But this was the least of the work of the glaciers. As they came and went, and while they remained, they so ground and carved the walls and floor of the valley, by the incalculable weight of the ice, and the ceaseless movement of the great blocks of rock already embedded in them, that they deepened the gorge, and changed the shape of the whole from that of a V to that of a U. With fine skill they fashioned of this rugged, humpy mountain a splendor of pinnacles, spires, domes, and arches which attracts admirers to it from the four corners of the earth

The particular and outstanding features of the Valley were determined largely by their rock structure. Where there were vertical fissures, or cleavage joints, in the walls, great slabs of granite were more easily plucked out, widening the canyon in such places, and forming the sheer, straight cliffs so characteristic of Yosemite. The quality of the rock, too, its density and its comparative hardness or softness, were determining factors in this sculpturing. Solid, only slightly fissured masses of granite, such as El Capitan, Sentinel Rock,

The Three Brothers, the tallest of which is Eagle Peak, 7,773 feet high, or 3,813 feet above Yosemite Valley. PHOTO BY BEST STUDIO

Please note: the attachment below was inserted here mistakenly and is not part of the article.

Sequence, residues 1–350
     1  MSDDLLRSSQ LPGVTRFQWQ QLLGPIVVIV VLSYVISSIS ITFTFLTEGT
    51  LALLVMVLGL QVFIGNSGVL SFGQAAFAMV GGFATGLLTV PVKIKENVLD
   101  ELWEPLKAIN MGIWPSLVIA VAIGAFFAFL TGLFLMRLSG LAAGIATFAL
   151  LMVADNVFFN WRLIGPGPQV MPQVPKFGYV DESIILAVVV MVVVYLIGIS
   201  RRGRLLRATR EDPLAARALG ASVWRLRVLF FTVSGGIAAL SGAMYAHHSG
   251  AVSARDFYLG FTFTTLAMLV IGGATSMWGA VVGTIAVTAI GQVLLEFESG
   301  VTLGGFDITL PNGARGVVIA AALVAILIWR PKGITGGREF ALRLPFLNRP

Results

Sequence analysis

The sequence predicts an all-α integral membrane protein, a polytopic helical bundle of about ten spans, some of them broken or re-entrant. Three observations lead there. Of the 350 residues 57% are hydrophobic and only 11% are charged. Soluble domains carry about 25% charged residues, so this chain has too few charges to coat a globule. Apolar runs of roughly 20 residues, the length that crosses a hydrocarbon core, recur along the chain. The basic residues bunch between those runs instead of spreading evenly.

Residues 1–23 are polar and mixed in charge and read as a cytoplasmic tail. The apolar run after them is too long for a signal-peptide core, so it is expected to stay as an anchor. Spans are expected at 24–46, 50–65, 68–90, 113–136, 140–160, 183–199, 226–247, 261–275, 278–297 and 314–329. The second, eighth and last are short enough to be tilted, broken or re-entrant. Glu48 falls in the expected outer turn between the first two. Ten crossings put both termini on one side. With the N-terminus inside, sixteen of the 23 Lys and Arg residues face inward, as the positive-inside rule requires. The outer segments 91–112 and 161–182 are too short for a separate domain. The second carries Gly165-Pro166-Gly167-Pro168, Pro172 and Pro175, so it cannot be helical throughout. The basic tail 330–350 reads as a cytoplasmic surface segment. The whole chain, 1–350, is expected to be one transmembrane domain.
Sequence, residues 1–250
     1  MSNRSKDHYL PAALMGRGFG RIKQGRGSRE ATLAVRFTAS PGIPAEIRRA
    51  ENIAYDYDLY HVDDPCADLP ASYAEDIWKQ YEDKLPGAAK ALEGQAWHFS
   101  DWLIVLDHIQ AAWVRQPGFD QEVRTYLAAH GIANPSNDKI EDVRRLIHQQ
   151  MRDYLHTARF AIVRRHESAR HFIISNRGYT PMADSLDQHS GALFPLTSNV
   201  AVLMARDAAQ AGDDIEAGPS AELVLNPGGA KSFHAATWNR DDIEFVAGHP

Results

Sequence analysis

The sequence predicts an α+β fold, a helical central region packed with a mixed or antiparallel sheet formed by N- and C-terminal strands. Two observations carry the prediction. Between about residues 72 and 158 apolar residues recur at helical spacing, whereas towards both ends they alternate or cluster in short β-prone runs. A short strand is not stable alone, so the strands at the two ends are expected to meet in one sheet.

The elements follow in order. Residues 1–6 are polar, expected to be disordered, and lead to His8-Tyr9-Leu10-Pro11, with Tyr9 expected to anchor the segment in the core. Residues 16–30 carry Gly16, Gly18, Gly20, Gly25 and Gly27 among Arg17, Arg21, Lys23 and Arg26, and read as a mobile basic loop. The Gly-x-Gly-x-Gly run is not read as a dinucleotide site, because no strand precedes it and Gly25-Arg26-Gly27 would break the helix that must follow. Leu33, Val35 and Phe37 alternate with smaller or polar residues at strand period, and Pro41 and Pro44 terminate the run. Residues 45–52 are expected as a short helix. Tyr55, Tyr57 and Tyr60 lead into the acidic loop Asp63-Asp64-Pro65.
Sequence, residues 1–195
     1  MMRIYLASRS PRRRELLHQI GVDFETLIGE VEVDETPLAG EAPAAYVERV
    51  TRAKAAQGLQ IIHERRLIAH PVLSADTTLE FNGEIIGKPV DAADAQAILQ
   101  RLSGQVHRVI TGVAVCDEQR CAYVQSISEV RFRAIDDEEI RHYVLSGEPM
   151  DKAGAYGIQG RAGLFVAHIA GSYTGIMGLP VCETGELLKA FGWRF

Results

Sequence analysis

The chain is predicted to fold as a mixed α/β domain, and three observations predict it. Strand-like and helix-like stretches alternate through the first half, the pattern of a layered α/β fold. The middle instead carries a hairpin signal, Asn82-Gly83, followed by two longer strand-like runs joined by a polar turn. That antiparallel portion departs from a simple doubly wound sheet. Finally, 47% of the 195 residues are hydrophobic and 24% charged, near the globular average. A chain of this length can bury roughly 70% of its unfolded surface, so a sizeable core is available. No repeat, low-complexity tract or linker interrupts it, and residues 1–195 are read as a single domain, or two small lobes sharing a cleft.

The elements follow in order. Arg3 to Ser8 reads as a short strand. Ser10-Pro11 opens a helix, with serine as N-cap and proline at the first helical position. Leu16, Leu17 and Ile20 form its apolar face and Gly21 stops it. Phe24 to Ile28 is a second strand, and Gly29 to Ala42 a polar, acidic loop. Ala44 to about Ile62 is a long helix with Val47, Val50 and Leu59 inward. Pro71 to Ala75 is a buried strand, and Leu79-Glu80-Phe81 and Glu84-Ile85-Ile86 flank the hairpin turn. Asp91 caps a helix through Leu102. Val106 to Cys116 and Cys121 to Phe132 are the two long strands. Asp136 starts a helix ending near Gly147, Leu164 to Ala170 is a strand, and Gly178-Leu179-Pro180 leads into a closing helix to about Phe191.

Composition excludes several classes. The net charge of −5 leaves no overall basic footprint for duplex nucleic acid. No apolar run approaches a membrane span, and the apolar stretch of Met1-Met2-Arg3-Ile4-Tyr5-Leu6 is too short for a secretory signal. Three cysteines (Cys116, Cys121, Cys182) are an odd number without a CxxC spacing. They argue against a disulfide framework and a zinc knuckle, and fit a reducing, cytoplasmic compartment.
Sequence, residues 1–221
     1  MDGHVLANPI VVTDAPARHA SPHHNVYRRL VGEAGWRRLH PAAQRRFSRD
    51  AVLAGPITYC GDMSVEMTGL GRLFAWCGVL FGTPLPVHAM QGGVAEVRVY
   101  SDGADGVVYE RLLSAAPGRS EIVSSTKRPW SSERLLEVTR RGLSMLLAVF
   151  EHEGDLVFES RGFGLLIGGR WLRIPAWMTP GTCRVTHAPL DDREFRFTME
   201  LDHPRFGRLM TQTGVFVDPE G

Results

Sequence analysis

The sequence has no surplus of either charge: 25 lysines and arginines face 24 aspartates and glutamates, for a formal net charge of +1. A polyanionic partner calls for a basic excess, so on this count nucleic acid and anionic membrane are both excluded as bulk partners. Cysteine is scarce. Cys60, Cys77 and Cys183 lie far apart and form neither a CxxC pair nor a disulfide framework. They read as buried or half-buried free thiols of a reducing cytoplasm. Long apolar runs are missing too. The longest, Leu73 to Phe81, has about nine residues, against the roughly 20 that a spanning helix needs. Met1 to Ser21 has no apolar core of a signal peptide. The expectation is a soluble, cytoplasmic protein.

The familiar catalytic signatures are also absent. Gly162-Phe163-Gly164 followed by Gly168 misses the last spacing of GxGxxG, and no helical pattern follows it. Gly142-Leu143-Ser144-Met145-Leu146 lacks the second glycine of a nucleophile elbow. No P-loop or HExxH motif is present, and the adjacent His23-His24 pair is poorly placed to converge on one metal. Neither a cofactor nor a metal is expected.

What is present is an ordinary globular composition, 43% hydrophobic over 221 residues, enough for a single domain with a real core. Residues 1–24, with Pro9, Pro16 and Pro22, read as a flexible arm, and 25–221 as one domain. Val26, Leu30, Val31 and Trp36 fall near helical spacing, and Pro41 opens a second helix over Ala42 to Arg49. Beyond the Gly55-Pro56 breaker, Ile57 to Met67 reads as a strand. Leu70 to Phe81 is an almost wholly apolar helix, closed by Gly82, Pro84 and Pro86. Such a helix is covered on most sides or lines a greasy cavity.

PHOTO BY BEST STUDIO
[click to enlarge]
The Three Brothers, the tallest of which is Eagle Peak, 7,773 feet high, or 3,813 feet above Yosemite Valley
and the Three Brothers, were able to withstand this powerful abrasion and grinding, and were etched out against the skyline by the removal of the less resistant rocks around them.

The domes and the spires and the arches of Yosemite owe their configuration and escape from glacial plucking to their curved joints. These were more resistant than the straight or intersecting joints. Many such hummocks have been rounded into domes by the heaving action of freezing water in the joint cracks, and to the shaling off of thick layers of rock, like the skin of an onion, in the natural process of expansion and contraction caused by alternate heat and cold. Most of the smaller domes, while not directly caused by glaciers, have been beautifully polished by them. Half Dome, most remarkable of all the domes, owes its configuration to the intersection of two systems of joints; one straight, the other curved. This has enabled it to withstand, through the eons, upheaval, earthquake, glaciers, and stream erosion. When Half Dome falls, probably the curtain will have gone down forever on this great stage of Yosemite, set in the course of the millions of years, and made ready for its human actors who were eventually to enact their little dramas there.

Half Dome, as seen from Glacier Point, in the winter season when snows blanket the Sierras. PHOTO BY A. C. PILLSBURY
PHOTO BY A. C. PILLSBURY
[click to enlarge]
Half Dome, as seen from Glacier Point, in the winter season when snows blanket the Sierras